I started my rides only doing short 5km/3mile distances. This was to get my muscles used to riding and my backside hardened up to a racing bike seat. The terrain was undulating rural roads ideal for training. I went out in most weathers except in heavy rain. Rain showers and wind are OK.

Don't over train. Listen to your body. We are all different. If you feel stressed and tired when you start your training rides re-assess your program.

I went cycle training every 2nd day and light power walking (30mins) alternate days. The walking was to exercise a broader range of muscles in my legs to prevent cramp (just a theory of mine).

You will note that near the end of my program I did a hard 34km/21mile ride then back to a good steady 50km/31mile ride. On the hard rides I used my bike computer set on "average speed" so that I was racing against the clock all the way. This was to improve my speed. Two weeks out from the event I did a club race to really push me. A hard ride followed by some lighter rides lifts your overall performance. I wound down my training in the last week before the event but did not stop training.

Training Schedule

Ride distance 50km/31m 34.4km/21m 20.5km/13m 12km/7.5m 5km/3m
1st Dec 2009          
5th         no reading
7th         no reading
9th         no reading
11th       no reading  
13th       no reading  
15th       no reading  
17th       no reading  
19th     no reading    
21st     no reading    
23rd     26.5/16m    
25th     26.5/16m    
27th     25.9/16m    
29th   no reading      
31st   no reading      
2nd Jan 2010 26.7/16.5m        
4th 25.2/15.5m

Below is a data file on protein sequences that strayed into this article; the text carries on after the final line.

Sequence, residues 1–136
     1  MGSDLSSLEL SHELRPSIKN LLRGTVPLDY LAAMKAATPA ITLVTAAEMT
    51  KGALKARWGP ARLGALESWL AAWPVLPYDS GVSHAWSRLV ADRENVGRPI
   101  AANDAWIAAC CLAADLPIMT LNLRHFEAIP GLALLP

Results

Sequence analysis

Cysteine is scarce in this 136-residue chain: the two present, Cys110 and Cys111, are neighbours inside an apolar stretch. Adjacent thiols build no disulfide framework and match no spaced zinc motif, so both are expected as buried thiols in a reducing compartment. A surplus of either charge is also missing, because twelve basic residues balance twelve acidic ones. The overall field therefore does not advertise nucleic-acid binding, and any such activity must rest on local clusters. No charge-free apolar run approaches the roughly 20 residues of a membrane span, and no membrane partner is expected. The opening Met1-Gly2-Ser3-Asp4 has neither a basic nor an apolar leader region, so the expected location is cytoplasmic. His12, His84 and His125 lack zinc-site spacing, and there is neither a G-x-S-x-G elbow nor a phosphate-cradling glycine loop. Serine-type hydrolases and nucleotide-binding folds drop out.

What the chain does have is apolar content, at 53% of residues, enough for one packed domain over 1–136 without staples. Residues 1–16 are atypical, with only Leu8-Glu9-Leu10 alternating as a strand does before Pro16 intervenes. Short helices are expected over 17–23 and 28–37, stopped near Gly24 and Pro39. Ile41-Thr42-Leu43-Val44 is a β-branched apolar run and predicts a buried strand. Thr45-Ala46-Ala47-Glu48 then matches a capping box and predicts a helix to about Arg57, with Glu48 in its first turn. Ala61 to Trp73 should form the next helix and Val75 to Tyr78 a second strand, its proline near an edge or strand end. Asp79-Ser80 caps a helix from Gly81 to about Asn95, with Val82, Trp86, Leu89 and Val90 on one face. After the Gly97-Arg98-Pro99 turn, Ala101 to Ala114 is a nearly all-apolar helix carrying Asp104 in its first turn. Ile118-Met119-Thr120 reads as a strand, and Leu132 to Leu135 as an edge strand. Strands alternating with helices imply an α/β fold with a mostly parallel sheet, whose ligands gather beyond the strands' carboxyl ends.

6th 26.7/16.5m        
8th   28.3/17m      
10th 26/16m        
12th 26.3/16m        
14th   28.8/17m      
16th 26.8/16.5m        
18th   28.9/18m      
20th   27.2/17m      
21st Club Race Day   30.1/18.5m      
24th   27.3/17m      
26th 27.8/17m        
28th     25.3/15.5m    
30th Race Day          


Riding Position

I always ride in a racing position. Backside to the back of the seat holding the 'horns' of the hand brakes on the handle bars. Elbows bent to keep the head and shoulders down to lessen the wind resistance. You may prefer to use the drops of the handle bars but I find I lose power in that position.

Avoid stones and pot holes on the road. They can damage your tyres.

The only time I would ride upright in a rest position would be if I was in a group riding back from the front.


Pedal power

Concentrate on pushing down on one leg and pulling up on the other - you must have clip on shoes. To do this you might find it helps if you push your toes into the tips of your shoes as you cycle. This should give you a nice even pedal stroke. Your hips should not be going up and down and the bike should not be swaying from side to side. If you are just starting out cycling then it takes a while to develop a new set of muscles to do the pulling up. You will not have the strength to maintain this so practice at intervals. You will really notice the extra power this achieves when going up a slight hill.

If you are serious about training you should always keep pedalling. You should be putting the same amount of energy into pedalling in a back wind as you would into a head wind. You just go a lot faster. You pedal over the top of a hill. You pedal down hills. The only time you should stop pedalling is for safety reasons.

I have never used a cadence counter (revolutions of your pedals) or really felt the need for one. I get a good feel on the pedals whether I need to change gear. I change gears a lot as I go up and down slight rises to keep an even cadence speed but I could not tell you what the cadence speed is. It is important that you are not pushing to a higher gear.



riding strategically For beginners, or those less fit, hills can be something that they dread, like head winds. It is all part of cycling and when your fitness level rises you will handle both well. I have to admit that wjile training I cope very well with hills but if I am riding in a bunch I have trouble keeping my rhythm. I have a theory that some riders will always be better than me on the hills because of the power to weight ratio. If there are two riders of equal fitness, one is 70kg/154lb and the other is 85kg/187lb (that's me) then the 85kg/187lb rider is going to be pulling 15kg/33lb more (that's 30 x 500g/1lb packets of butter) up the hill. So to compete, the 85kg/ 187lb rider has to be considerably fitter than the 70kg/154lb rider. Because of how gravity works the steeper the hill the greater the difference becomes.